I live in a condo and have no access to a grill. I parboil my ribs in some seasoned water until tender. Then I cover them in barbecue sauce and when fully marinated, I put them in the oven to finish. My question is regardless of where I buy my ribs, usually baby back ribs, there is a smell when cooking them, that I don’t like. Is there a way to elimate that smell? Shirley

    • shirley oneill says:

      Pls respond to my question about ribs. I get a not nice smell when I cook them. How can I ellminate that?

      • Tim Violette says:

        I had this problem with an unpleasant smell as well. The ribs however tasted fantastic. An ex-wife told me what was happening. The steam from the slow cooking in the oven was mixing with residual cleaning agent on the inside of my oven. The unpleasant smell was the oven cleaner that I had used. Thoroughly cleaning my oven again and rinsing really well eliminated the smells.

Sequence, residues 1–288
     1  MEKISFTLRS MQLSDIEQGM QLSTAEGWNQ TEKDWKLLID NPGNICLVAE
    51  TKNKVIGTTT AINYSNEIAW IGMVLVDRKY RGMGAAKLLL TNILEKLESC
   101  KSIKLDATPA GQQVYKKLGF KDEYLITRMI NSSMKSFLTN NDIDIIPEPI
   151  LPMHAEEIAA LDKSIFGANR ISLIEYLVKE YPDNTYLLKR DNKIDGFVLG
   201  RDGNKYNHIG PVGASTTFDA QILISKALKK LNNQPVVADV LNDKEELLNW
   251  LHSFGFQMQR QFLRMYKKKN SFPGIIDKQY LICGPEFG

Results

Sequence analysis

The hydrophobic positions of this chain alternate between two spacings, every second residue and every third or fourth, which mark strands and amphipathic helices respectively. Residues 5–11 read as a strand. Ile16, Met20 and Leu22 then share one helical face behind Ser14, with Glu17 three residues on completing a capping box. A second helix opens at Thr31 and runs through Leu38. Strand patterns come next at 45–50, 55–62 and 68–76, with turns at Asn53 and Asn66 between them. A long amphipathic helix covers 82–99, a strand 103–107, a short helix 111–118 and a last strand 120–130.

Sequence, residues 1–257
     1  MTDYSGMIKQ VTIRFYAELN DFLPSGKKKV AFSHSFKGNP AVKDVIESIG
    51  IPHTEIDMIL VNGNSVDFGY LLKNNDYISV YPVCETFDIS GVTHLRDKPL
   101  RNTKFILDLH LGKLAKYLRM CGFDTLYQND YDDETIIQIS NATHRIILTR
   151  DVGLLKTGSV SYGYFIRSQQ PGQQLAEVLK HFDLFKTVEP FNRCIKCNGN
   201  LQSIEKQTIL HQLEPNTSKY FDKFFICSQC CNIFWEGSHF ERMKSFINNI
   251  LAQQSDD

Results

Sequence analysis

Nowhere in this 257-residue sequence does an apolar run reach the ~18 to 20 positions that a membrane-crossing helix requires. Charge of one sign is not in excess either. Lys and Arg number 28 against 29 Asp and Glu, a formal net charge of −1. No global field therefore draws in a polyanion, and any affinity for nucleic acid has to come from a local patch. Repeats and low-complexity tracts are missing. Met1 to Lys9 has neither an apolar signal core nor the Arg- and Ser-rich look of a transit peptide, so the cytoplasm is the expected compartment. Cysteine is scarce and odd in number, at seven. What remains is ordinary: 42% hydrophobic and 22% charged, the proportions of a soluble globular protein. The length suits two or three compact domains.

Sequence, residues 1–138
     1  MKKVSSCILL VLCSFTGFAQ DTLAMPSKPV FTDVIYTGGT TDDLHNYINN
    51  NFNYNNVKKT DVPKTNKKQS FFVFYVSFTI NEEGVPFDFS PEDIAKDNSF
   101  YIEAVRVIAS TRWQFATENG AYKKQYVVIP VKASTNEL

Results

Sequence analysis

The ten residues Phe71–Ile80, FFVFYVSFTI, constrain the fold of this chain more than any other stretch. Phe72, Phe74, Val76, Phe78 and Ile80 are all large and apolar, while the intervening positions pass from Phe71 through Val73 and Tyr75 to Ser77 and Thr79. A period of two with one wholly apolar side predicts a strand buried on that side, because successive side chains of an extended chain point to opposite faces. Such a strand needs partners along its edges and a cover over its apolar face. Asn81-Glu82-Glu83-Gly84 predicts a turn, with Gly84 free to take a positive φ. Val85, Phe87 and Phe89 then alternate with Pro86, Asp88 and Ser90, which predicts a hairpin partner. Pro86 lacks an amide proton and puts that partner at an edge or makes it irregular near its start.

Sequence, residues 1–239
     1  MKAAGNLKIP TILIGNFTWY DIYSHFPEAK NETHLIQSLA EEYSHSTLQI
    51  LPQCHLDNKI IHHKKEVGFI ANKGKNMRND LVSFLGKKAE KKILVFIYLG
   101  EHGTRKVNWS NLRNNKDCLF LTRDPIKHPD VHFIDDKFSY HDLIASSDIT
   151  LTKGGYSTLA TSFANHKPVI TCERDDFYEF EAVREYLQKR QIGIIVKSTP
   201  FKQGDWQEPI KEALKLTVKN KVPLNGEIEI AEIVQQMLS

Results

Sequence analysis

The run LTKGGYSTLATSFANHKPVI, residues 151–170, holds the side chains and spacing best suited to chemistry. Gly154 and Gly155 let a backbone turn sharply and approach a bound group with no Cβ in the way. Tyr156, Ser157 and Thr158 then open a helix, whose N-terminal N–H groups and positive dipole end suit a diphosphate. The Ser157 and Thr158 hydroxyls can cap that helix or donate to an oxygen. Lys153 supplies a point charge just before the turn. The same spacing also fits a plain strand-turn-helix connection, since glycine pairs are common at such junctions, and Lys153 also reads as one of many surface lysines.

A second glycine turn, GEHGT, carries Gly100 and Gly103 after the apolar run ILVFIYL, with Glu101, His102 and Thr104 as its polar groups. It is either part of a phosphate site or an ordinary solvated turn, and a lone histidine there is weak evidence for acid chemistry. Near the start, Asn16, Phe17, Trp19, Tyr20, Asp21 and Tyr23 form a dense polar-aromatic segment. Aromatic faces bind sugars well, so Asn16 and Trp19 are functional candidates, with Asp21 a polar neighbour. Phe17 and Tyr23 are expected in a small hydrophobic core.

• Tim, thanks for the tip. I never would have thought of that.

    • Shirley, I’m not sure how to answer this one. Smell and taste are very closely related, so the smell when cooking is usually similar to the taste. I’m not sure what you’d be smelling that you don’t like, if you like the taste when they’re done.

  17. Thanks Drew! I did everything like you said and the ribs were excellent!!! Thank for the easy recipe!!

  18. Hello, I am not a very good cook. My husband is a chef and I wanted to make the spare ribs. I saw how you make them but my question is, Can you please tell me how much salt, pepper, and how in steps do I make them in the oven and not on a grill? Please help me I really want to show him I can do this. Please let me know. thank you..